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Original research
Does employment status mediate the association between disability status and mental health among young adults? Evidence from the Household, Income and Labour Dynamics in Australia (HILDA) survey


Objective Young adults with disabilities are less likely to be employed and more likely to have poor mental health than peers without disabilities. Growing evidence shows that social determinants of health may be causally related to mental health outcomes of people with disabilities. We aimed to assess if the disability to mental health association was mediated by employment status among young adults aged 20–35 years.

Methods Four consecutive years (2016–2019) of data from the Household, Income and Labour Dynamics in Australia survey were used to conduct a causal mediation analysis. We decomposed the total causal effect of disability status on mental health (Short Form-36 Mental Health Inventory-5) into the natural direct effect from disability to mental health and the natural indirect effect representing the pathway through the employment mediator (being employed; being unemployed or wanting to work).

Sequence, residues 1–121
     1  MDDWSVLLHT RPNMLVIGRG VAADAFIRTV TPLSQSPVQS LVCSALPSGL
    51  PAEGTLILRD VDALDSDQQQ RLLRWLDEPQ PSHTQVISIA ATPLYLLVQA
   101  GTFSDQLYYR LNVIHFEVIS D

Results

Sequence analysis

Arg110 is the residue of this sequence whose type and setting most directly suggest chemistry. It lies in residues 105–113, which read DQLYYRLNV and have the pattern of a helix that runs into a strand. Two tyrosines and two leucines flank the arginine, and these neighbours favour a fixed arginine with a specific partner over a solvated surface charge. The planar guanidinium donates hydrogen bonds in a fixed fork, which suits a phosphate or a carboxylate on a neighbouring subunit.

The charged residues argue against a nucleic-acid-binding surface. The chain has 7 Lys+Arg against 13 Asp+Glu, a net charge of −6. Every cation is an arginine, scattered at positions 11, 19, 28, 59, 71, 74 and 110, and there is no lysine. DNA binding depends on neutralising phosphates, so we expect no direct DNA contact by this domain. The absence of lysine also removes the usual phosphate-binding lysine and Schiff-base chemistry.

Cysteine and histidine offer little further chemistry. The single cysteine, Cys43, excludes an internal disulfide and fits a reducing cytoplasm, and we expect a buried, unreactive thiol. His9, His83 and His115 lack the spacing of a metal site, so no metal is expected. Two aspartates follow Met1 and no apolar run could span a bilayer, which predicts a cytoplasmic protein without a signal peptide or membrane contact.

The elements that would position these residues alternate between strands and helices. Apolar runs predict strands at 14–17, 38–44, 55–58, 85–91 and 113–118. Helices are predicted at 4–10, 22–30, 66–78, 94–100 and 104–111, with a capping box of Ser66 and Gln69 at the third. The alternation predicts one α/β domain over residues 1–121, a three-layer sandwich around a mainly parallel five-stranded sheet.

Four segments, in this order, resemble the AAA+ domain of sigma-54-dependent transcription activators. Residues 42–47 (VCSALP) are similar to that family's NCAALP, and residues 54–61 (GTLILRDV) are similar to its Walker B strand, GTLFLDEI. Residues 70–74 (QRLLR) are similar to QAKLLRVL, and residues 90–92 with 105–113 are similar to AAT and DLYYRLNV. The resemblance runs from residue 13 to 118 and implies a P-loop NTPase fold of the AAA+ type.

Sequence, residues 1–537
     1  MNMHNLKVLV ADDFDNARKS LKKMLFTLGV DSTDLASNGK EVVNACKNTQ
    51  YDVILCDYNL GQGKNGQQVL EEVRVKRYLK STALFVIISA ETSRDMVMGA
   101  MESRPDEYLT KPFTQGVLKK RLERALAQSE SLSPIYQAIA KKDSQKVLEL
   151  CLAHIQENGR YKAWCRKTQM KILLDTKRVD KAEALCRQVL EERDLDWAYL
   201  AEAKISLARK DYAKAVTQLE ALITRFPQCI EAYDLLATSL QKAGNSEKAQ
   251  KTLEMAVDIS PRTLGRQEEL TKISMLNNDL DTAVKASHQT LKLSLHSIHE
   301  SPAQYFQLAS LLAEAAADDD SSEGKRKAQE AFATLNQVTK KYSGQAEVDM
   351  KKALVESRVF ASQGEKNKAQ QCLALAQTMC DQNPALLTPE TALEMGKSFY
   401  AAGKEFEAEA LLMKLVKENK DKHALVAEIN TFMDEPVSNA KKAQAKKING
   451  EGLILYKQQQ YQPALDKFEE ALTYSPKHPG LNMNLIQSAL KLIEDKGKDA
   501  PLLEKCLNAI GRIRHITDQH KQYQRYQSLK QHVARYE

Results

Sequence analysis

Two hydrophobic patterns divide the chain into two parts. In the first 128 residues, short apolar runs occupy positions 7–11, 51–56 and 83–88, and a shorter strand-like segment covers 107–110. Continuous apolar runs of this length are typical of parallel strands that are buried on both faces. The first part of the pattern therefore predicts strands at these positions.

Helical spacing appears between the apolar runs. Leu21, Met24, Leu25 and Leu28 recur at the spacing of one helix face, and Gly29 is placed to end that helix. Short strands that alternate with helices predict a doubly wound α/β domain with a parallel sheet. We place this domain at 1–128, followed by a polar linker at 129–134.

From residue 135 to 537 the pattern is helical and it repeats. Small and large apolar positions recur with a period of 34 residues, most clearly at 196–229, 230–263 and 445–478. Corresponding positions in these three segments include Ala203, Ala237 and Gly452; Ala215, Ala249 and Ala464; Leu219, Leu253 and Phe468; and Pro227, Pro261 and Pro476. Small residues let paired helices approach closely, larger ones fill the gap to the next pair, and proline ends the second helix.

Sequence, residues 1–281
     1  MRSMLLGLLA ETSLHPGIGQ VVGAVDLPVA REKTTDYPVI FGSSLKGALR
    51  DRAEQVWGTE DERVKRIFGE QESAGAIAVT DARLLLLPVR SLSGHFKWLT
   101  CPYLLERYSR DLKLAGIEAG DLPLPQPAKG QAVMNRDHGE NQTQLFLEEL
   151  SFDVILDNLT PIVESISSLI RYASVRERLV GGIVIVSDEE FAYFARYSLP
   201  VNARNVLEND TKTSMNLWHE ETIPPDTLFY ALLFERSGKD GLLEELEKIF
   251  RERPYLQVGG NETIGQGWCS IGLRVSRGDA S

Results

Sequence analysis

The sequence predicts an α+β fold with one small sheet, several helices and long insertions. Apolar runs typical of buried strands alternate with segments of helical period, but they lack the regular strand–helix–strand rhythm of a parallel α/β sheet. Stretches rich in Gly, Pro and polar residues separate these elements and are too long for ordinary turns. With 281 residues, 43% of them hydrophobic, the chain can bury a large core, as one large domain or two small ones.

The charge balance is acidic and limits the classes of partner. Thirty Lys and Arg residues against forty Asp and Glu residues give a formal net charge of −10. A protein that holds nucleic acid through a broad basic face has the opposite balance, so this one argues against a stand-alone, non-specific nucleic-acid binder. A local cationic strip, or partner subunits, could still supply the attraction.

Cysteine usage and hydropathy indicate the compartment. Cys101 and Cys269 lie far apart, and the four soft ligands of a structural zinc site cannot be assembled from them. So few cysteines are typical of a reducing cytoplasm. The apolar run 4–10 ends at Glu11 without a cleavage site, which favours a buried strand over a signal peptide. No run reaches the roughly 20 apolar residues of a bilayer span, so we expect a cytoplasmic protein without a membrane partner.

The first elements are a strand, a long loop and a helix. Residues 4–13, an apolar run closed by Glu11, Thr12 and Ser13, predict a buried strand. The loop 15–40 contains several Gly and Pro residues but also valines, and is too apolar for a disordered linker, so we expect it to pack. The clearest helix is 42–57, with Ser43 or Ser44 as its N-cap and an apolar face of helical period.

Results 3435 participants (3058 with no disabilities, 377 with disabilities) were included in the analysis. The total causal effect of disability status on mental health was an estimated mean decrease in mental health of 4.84 points (95% CI −7.44 to –2.23). The indirect effect, through employment status, was estimated to be a 0.91-point decline in mental health (95% CI −1.50 to –0.31).

Conclusions Results suggest disability has an effect on the mental health of young adults; a proportion of this effect appears to operate through employment. The mental health of young adults with disabilities could potentially be improved with interventions to improve employment outcomes among this group, and by supporting individuals with disabilities into suitable employment.

  • Epidemiology
  • Mental Health
  • Longitudinal studies

Data availability statement

Data may be obtained from a third party and are not publicly available. Access to HILDA unit record files is via the Australian Data Archive dataverse at the Australian National University. Access to the data is free via a formal request and registration with the ADA.

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